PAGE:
DAY 1 EDA talks to Jordan Press Agency
DAY 1 UNEP and EDA
MARCH 2005, EMIRATES DIVING ASSOCIATION 7
GO PRO! OPENING DOORS YOU ONLY IMAGINED By Phil O’Shea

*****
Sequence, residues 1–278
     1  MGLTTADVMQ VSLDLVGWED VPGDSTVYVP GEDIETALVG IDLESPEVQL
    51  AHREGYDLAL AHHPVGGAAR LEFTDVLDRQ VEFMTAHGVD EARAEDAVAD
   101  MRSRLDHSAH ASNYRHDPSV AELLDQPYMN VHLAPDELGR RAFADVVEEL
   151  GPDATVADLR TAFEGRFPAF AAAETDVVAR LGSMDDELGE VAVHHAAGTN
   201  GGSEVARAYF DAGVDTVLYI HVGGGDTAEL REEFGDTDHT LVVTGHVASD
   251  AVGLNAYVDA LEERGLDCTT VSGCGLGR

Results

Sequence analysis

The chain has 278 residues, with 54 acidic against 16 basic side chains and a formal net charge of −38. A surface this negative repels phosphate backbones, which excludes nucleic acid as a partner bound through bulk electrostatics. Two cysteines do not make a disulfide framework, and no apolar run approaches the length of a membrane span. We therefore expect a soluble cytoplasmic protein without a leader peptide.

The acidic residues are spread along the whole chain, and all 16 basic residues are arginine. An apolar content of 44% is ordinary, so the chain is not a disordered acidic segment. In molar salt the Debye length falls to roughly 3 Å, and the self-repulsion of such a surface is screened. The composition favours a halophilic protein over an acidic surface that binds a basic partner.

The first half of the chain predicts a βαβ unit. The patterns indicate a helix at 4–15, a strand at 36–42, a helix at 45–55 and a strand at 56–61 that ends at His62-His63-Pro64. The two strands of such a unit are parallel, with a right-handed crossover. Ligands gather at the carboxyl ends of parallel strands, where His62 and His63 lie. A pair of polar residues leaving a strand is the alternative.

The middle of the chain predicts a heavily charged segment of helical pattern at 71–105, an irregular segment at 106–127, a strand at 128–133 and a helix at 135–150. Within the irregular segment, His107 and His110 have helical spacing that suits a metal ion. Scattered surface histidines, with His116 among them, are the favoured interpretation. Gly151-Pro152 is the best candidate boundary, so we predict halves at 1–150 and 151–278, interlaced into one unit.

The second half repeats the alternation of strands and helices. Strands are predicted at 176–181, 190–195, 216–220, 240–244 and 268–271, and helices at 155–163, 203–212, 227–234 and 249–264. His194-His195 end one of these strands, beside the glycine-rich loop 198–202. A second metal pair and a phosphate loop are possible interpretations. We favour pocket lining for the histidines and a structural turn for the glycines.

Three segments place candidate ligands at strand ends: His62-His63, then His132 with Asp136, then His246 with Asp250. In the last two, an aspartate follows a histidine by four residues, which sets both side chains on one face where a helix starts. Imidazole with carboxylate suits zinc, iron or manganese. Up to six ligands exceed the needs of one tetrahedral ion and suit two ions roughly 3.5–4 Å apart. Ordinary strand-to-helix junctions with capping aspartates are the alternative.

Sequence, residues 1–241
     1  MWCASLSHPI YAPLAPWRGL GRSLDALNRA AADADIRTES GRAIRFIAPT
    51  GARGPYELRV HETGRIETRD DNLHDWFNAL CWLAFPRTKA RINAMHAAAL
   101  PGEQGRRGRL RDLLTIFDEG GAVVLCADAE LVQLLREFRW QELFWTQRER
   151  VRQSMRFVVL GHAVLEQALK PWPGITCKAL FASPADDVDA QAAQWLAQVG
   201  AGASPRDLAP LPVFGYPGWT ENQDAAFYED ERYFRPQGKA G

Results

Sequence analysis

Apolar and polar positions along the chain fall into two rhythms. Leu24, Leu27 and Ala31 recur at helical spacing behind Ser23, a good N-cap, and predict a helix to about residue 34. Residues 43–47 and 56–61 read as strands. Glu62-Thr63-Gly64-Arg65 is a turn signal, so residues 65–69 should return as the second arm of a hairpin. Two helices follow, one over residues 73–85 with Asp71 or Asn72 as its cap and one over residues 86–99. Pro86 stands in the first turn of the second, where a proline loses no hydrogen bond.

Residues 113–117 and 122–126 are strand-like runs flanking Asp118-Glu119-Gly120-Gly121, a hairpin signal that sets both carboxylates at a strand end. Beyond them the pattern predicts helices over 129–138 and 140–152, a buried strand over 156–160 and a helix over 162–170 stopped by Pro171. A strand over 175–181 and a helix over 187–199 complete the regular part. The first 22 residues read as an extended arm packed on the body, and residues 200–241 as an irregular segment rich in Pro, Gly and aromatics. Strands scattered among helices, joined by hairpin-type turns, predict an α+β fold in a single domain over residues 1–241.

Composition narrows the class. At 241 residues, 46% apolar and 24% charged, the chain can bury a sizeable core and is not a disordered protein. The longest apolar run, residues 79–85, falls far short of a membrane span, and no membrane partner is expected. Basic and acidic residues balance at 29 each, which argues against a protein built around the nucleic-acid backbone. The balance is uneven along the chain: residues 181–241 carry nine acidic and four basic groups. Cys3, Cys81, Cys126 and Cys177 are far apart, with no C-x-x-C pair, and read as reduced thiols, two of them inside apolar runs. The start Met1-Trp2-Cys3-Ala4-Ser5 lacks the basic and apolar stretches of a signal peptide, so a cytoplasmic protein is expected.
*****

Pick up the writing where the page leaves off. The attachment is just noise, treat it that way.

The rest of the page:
As a PADI Professional, you do things others only dream of. Whether you work in a local dive center, at a resort, or on a live aboard dive boat, the adventure of a lifetime is yours for the taking. IMAGINE A JOB, where you actually look forward to heading off to work in the morning. Lead a life that others fantasize about. Sailing into incredible sunsets could be a regular occurrence and not just chance, especially if you work in a tropical dive destination.The commute to work could be as easy as a ten minute boat ride. Work now becomes an adventure in itself. While experiencing new cultures and lifestyles, you’ll be surrounded by people who are always happy. When you are taking people diving all day, every day, everyone is happy. It’s not all fun and games in paradise, but the rewards are worth the efforts. IF YOU SET YOUR SIGHTS close to home and aspire to work at a local dive centre, you teach people how to dive and guide trips to exotic destinations. There is a sense of pride sharing something that you are passionate about.You help others enrich their own lives by experiencing the adventure of diving. WORLDWIDE, more people learn to dive using the PADI System of diver education than any other recreational scuba programme. One reason for its popularity is PADI’s use of the most modern instructional methods, digital materials and dynamic flow, which allow student divers to learn quickly and effectively. The PADI System is student centred, allowing divers to progress at their own pace. Because no one can learn everything about diving in one course, the system encourages divers to take continuing education programmes that enhance participation, enjoyment and safety. PADI PROS are the most sought after dive leaders on the planet. At any given time, there are more positions available for PADI dive leaders than there are professionals to fill them. With more than 4,200 PADI Dive Centres and Resorts worldwide, the world is your playground. PADI INSTRUCTORS and the PADI System of diver education are the benchmark by which all other Instructors and certification agencies are measured.